07-28-2009, 08:07 AM
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Michael Schumacher is not ruling out the possibility of standing in for injured Ferrari driver Felipe Massa.
The Brazilian is recovering in hospital after suffering a fractured skull at the Hungarian Grand Prix and is likely to be out for the rest of the year.
"The whole thing will be considered by Ferrari. If they approach Michael, then he will consider it," the seven-time champion's spokeswoman told BBC Sport.
"But there is no reason for him to step into their discussion."
Schumacher, who retired from Formula 1 at the end of the 2006 season, told the BBC in an interview at the German Grand Prix two weeks ago that he was not interested in returning to F1.
However, his spokeswoman Sabine Kehm said that was a reference to a permanent return.
"Usually, I would say he's not interested because he's fine with his life and he doesn't miss anything but now the situation is so different - it's very hypothetical - and Michael doesn't want to step into that [discussion]," she stated.
In-depth interview - Michael Schumacher (UK users only)
She added that Schumacher still trained every day but that she did not know whether he was fit enough to race an F1 car again.
"Michael had a motorcycle accident in February when he had a neck problem - and I really can't tell you if his neck would be fine to drive an F1 race," she said.
"If Ferrari asked him whether he would consider driving, he would have it checked - and remember he is a 40-year-old man, too."
Massa has had surgery on a fractured skull sustained when a spring from Rubens Barrichello's Brawn hit him on the helmet at more than 160mph during qualifying in Hungary on Saturday.
He is in a "severe but not critical" condition, according to the hospital that is treating him in Budapest and there is also concern about damage to his left eye.
The surgeon treating him, Robert Veres, revealed it was "too early to say" whether Massa would be able to compete again.
But he will almost certainly not be able to drive at the next race, the European Grand Prix in Valencia in Spain on 23 August - and probably not for the rest of the year either.
I don't think it will happen, but as a big Schumacher fan I would love it, if he did.
Steven Davis 7
That means Ferrari need to find a team-mate for Kimi Raikkonen for the Valencia race.
Schumacher, who won a record 91 grands prix in his career, is under contract to the team after taking on a consultancy role following his retirement.
The German is close to Massa, who was his team-mate in his final season, and has taken a close interest in the Brazilian's career.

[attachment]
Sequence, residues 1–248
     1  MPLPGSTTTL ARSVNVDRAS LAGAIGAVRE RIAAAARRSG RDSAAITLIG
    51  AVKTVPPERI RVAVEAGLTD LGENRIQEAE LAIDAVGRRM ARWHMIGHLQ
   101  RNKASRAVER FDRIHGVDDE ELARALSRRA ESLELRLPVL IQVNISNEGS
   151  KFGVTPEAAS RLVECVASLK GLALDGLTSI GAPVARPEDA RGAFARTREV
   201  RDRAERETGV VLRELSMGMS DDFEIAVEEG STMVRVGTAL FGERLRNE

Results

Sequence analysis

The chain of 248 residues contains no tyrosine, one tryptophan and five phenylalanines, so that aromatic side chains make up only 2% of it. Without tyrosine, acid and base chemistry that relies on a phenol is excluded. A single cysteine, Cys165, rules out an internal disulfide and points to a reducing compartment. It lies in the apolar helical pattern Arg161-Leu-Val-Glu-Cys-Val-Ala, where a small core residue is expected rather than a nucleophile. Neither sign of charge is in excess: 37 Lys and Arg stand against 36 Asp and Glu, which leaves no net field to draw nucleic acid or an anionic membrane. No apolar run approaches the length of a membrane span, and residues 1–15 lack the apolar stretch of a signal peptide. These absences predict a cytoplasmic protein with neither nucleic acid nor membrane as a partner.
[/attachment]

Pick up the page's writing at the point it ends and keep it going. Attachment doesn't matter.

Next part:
But he has not driven an F1 car since 2007 and may consider that he has nothing to gain from a temporary return.
A number of other drivers have been mentioned as possible replacements for Massa.
Among them is Renault's Fernando Alonso, who is expected to move to Ferrari in 2010 anyway - although the team have not confirmed that report and the Spaniard has denied it.
Renault have been banned from the Valencia race after allowing Alonso to return to the track with a loose wheel following a pit stop.
The wheel and its fairing both became detached from the car as he toured slowly back to the pits - an alarming sight only 24 hours after Massa's accident.
Renault have appealed against the decision to suspend them and a hearing of the court of appeal of governing body the FIA is expected in the next couple of weeks.
It has been speculated that Alonso's move to Ferrari may simply be brought forward - but that would leave Renault without a recognised top driver for the rest of the season.
The team were on the verge of sacking Alonso's team-mate Nelson Piquet before the Hungarian race and while Alonso, a two-time world champion, qualified on pole in Hungary, Piquet qualified 15th and finished 12th in a similar car.
40-year-old Schumacher has kept himself fit since retiring from F1 in 2006
40-year-old Schumacher has kept himself fit since retiring from F1
Ferrari have two reserve drivers, the Spaniard Marc Gene and the veteran Italian Luca Badoer.
Spaniard Gene - who raced intermittently for Williams as a stand-in during 2003/2004 and has competed in 36 races with a best result of sixth - is the more likely to be given the drive.
Badoer has been a test driver for Ferrari but has not raced since 1999 and has never scored a world championship point.
A number of other drivers have been mentioned as possible stand-ins.
The most qualified, Schumacher aside, is BBC F1 pundit David Coulthard, who won 13 grands prix before retiring at the end of last season. He is under contract to Red Bull, who would need to give him permission to race if Ferrari approached him.
Frenchman Sebastien Bourdais, who was sacked by the Toro Rosso team before the Hungarian Grand Prix, has been mentioned as he has the same manager as Massa - Frenchman Nicolas Todt.
And last winter, Italian Formula Three champion Mirko Bortolotti reportedly impressed Ferrari in a test. The 19-year-old is racing in Formula Two this season.
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